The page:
Steven Mackintosh stars as Martin Beck, with Neil Pearson as his friend and colleague Lennart Kollberg, in this BBC Radio 4 dramatisation of Murder at the Savoy.
The Martin Beck books, written by Swedish husband and wife team Maj Sjöwall and Per Wahlöö between 1965-1975, set a gold standard for all subsequent Scandanavian crime fiction. Beck was the original flawed policeman, working with a motley collection of colleagues to uncover the cruelty and injustice lurking beneath the surface of Sweden's seemingly liberal, democratic society.
In Murder at the Savoy, adapted from the sixth book in the series, Martin Beck and Lennart Kollberg are called to Malmö in southern Sweden when an industrialist is shot whilst having dinner at the city's best hotel. People in high places want the case cleared up quietly and quickly, but Beck refuses to give way to pressure. Translated by Amy and Ken Knoespel and dramatised by Jennifer Howarth.
©2013 AudioGO Ltd (P)2013 AudioGO Ltd
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"A Profiteer has a unwanted guest for dinner"
The charactors and acting gave me the whole scene in my imagination
Beck long suffering but does never fails to see the hipocracy of his superiors but appreciates the skills of his team who contribute to his sucesses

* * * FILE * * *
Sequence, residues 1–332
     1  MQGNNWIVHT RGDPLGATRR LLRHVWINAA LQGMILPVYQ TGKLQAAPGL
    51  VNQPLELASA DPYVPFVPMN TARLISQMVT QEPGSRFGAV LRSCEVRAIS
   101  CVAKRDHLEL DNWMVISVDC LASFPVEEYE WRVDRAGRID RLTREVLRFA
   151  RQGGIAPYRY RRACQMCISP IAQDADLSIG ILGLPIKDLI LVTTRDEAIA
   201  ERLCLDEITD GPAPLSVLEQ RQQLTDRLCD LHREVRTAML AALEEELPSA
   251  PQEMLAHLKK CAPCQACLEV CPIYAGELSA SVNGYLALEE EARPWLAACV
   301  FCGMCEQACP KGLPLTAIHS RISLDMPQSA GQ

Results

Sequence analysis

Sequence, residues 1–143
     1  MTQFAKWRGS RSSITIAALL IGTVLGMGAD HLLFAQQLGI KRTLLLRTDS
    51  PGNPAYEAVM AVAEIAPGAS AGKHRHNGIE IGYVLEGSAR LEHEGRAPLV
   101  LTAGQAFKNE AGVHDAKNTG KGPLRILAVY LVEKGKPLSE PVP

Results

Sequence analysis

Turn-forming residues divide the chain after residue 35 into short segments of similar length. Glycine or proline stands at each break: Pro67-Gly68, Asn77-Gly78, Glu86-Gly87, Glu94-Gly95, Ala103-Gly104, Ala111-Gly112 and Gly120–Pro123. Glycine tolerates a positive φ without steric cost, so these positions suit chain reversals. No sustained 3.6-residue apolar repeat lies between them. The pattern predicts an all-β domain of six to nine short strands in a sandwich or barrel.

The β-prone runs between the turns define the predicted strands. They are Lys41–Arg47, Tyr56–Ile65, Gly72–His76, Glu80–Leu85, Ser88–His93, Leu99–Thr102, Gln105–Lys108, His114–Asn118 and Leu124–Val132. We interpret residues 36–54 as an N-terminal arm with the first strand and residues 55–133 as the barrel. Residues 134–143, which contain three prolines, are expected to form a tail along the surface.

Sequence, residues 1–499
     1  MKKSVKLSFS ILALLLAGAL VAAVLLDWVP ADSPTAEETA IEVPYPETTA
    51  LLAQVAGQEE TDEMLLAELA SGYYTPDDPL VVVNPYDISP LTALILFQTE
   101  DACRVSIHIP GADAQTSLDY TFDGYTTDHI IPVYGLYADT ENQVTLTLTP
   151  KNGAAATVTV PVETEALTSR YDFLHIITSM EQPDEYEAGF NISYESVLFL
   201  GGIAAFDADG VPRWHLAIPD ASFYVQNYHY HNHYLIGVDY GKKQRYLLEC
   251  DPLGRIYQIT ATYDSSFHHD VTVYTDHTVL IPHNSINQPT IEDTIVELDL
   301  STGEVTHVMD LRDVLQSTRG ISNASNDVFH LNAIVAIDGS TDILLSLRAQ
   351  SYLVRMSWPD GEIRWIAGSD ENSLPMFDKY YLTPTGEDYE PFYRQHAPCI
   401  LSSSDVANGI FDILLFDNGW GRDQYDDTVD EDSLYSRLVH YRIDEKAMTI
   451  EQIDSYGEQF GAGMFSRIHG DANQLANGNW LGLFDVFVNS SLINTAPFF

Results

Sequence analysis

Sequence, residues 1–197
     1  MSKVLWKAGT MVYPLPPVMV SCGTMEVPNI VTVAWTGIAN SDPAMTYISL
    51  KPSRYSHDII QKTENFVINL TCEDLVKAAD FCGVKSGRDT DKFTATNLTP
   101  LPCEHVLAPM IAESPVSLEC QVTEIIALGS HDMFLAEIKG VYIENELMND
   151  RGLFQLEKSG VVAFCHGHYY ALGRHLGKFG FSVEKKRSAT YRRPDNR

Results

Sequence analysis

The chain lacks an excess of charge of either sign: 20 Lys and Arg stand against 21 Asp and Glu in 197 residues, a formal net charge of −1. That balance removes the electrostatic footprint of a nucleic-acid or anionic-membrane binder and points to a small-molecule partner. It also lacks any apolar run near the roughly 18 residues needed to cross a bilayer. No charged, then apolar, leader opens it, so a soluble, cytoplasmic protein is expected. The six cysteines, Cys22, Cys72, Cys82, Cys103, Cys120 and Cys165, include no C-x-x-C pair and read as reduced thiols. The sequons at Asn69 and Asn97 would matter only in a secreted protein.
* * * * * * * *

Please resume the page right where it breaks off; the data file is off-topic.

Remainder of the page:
Neil Pearson Colbert is sympathetic charactor who cares too much but his inteligence is often the key to the element in solving tricky cases
The hidden dark side of swedish society
If you enjoy inteligent and realistic drama without the modern trend for voyerism like in CSI
"Not the best example of a Martin Beck story."
I have read and heard other examples of the Martin Beck stories written by this husband and wife couple credited as the parents of Scandinavian crime stories. In this one they are their most polemnical about the unfairness they see in Swedish society and the story suffers as a result. Because of previous experience, I was less surprised how marginal Martin Back is in the story and also appreciated the mild irony of one of his main critics coming up with an improbable source of help. There are plot twists and the narrative is shared by two actors who give it the deadpan, matter of fact narration that suits the writing of this writing team.
There are earlier and better examples of the style, story telling and character development and description. It is the worst Martin Beck story that I have encountered, but have three left to go.
I don't want to spoil the ending, but I found it unsatisfying and unsympathetic as well as feeling a little cheated.
The main mercy is that at less than an hour, I did not feel that I wasted too much time.
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